Only E states the assumption that is, the consumer themselves MUST know how to select between 2 cars with comparable (or not) safety. If they fail to differentiate then the consumers will not buy cars with respect to the safety incorporated in them.
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Re: car safety standards  [#permalink]

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New post 18 Sep 2012, 03:54
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+1 E

I got stuck between C and E. After using negation I found E as a better answer, anyhow the word "intolerable" in the option C is too extreme.
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Re: Many critics claim that federally mandated car safety  [#permalink]

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New post 22 Sep 2015, 23:11
sajini wrote:
Many critics claim that federally mandated car safety standards are actually impairing car safety in Country X. These critics note that car manufacturers only have to meet the minimum requirements of the government in order to be viewed as safe by the consuming public. If no standards were set, manufacturers would need to compete on safety in order to have any customers at all.

Which of the following is an assumption made by the critics in the argument above?

A. Large cars, such as trucks and sport utility vehicles, are inherently safer than small cars.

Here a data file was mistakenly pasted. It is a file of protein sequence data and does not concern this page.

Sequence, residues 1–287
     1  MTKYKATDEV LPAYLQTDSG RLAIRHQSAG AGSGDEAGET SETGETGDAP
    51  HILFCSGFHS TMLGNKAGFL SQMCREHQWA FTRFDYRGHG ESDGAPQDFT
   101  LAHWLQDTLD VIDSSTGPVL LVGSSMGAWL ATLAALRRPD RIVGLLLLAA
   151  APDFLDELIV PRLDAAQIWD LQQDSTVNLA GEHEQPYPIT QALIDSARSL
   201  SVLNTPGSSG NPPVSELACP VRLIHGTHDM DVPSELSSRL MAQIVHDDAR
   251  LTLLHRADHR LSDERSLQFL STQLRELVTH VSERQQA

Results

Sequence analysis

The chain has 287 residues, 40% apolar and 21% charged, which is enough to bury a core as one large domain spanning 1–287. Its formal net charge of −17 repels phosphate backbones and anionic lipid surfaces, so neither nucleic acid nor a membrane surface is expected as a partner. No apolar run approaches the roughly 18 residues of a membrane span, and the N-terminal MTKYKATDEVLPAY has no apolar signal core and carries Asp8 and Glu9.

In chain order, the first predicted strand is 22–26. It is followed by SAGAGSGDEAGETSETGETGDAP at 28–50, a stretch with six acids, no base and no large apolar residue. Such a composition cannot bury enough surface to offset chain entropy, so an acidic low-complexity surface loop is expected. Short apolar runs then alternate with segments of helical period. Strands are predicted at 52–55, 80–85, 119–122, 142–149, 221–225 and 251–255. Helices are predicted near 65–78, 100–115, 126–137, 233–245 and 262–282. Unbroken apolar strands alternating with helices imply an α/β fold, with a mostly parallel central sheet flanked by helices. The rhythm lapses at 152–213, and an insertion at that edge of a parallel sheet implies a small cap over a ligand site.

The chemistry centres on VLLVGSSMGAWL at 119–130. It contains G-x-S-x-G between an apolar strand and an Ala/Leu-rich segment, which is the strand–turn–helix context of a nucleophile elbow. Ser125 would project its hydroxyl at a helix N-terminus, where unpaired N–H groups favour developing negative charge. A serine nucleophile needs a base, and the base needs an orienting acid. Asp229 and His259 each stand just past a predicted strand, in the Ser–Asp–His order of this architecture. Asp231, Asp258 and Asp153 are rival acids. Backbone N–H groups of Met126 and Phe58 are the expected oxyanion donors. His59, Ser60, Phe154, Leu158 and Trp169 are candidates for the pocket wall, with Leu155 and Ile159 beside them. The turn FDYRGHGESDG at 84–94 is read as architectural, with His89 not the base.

B. A significant proportion of car customers own more than one car.
C. The minimum safety requirements decreed by the government of Country X are considered intolerably unsafe.
D. Other factors in a customer's car purchase decision, such as price and comfort features, are more important than safety concerns.
E. In the absence of safety standards, potential car customers will be able to tell which cars are the most safe.


Hello egmat
can you please explain why choice E is correct?
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Re: Many critics claim that federally mandated car safety  [#permalink]

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New post 27 Nov 2015, 00:45
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The argument states that "If no standards were set, manufacturers would need to compete on safety in order to have any customers at all. "

Now for that competition to happen and cars to become more safer, firstly the customers need to know how to differentiate the safety level of one car from another(without any standards set by the government)

Only option E states that. In assumption question we use the "negation test".

E:In the absence of safety standards, potential car customers will be able to tell which cars are the most safe.

Negated E:In the absence of safety standards, potential car customers will not be able to tell which cars are the most safe. We notice that if we use negated E, the conclusion will fall apart. Hence it is the assumption made.
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Re: Many critics claim that federally mandated car safety  [#permalink]

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Re: Many critics claim that federally mandated car safety  [#permalink]

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Re: Many critics claim that federally mandated car safety   [#permalink] 12 Oct 2018, 22:33